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Astron. Astrophys. 350, 476-484 (1999)

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3. M55

3.1. The colour-magnitude diagram

Fig. 1 shows the CMD of M55. From the original data set of 17269 stars, all objects within an inner radius of 320[FORMULA] have been taken. We selected according to a maximum error in V of [FORMULA] mag for the stars brighter than [FORMULA]. The narrow giant branch and the well defined blue horizontal branch (BHB) show the high internal precision of the selected subsample for the bright stars in M55. Below [FORMULA] the photometric errors increase quickly and produce the large scatter near the turn-off point.

[FIGURE] Fig. 1. The colour-magnitude diagram of M55. It is cleaned by error cuts ([FORMULA] mag)

A number of blue-straggler stars populate the CMD in the region between the horizontal branch and the turn-off point. These objects will be discussed in the appendix.

3.2. The [FORMULA] diagram

In the [FORMULA] diagram of M55 (Fig. 2) stars with [FORMULA] and [FORMULA] have been plotted. The [FORMULA] diagram shows a well defined sequence of the giant-branch stars and there is no evidence for a colour spread larger than the photometric errors. The diagram is reddening corrected with [FORMULA]. We obtain this value from our photometric data, as we show in the following section.

[FIGURE] Fig. 2. The [FORMULA] diagram of M55 shows a sharp sequence of giant branch stars, in striking contrast to M22, where the distribution is much broader. The diagram has been reddening corrected with [FORMULA]. The indicated lines of constant metallicity are taken from the calibration of Hilker (priv. comm.)

Through the correlation between [Fe/H], [FORMULA] and [FORMULA] the [FORMULA] diagram can be used to derive metallicities for individual giant-branch stars in globular clusters (Grebel & Richtler 1992). A new calibration of the [FORMULA] diagram for the metallicity of red giants is given by Hilker (priv. comm.), in Fig. 2 indicated for the metallicities of 0.0,-1.0 and -2.0 dex. It is based on a sample of 60 stars with known Strömgren colours and spectroscopically determined [Fe/H]-values in the range -2.4 dex [FORMULA] [Fe/H] [FORMULA] -0.6 dex. 36 stars are taken from the work of Anthony-Twarog & Twarog (1998), 17 from a sample in [FORMULA] Centauri and 7 stars of M22 from this work. The metallicity then is given by:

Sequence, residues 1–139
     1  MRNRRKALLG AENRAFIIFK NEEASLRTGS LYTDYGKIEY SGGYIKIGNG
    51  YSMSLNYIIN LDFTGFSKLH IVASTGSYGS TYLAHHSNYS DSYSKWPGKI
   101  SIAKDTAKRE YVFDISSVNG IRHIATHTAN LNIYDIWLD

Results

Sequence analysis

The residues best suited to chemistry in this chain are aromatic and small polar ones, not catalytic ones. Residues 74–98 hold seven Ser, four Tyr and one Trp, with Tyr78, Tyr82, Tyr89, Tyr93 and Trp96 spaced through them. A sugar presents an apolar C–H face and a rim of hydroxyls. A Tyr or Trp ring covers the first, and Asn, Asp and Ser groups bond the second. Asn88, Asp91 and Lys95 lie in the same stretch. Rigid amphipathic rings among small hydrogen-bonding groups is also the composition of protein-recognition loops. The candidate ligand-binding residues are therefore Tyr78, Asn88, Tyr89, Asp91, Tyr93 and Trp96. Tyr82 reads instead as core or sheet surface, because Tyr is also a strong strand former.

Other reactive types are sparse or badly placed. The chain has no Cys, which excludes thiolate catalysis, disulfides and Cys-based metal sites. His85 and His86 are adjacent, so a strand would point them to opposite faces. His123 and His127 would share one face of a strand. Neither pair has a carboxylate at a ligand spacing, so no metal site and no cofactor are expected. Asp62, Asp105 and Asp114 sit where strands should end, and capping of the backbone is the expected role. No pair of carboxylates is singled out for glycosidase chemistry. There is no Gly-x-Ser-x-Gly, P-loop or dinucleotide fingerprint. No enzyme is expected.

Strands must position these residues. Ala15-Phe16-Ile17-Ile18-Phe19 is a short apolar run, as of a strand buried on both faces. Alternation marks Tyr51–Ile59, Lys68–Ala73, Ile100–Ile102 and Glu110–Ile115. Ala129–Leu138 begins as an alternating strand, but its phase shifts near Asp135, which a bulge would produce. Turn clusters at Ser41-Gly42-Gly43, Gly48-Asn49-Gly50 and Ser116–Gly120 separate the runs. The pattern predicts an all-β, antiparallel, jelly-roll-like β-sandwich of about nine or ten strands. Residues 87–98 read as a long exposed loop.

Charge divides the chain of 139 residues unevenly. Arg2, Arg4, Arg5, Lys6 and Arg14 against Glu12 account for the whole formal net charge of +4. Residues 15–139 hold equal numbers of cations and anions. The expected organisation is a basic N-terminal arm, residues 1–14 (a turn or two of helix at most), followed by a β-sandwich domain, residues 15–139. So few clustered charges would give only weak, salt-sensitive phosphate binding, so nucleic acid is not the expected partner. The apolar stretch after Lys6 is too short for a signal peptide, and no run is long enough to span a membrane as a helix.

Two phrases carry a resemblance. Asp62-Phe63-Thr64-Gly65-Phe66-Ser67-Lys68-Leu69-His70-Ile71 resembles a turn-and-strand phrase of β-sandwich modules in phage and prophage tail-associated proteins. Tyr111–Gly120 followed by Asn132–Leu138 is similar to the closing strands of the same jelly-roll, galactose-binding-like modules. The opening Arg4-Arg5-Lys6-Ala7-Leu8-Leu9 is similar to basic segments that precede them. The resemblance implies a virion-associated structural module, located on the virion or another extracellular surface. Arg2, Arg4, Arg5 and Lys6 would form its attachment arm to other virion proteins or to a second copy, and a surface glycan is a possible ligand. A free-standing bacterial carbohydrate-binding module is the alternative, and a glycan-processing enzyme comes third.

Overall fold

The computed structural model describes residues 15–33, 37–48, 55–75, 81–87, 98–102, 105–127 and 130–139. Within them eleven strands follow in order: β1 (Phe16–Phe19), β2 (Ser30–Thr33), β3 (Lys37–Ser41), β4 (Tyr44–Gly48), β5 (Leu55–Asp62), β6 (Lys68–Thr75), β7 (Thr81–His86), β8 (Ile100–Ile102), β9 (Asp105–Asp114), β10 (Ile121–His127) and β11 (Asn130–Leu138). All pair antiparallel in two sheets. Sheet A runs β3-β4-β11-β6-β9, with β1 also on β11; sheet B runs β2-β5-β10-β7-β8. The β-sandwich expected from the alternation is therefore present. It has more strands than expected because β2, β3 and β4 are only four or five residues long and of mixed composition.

[EQUATION]

For stars more metal rich than [Fe/H] = -0.6 dex the new calibration has been adjusted to the older one of Grebel & Richtler (1992). Values for [Fe/H] derived by this method are sensitive to the adopted reddening. However, the CMD of a globular cluster also contains information about its reddening and metallicity. Gratton & Ortolani (1989) find the following correlation between [Fe/H] and the colour of the giant branch in globular clusters at the level of the horizontal branch, [FORMULA]:

[EQUATION]

For these two equations reddening and metallicity are correlated in different ways, so that with the combination of both an unambiguous result for [Fe/H] and [FORMULA] can be obtained.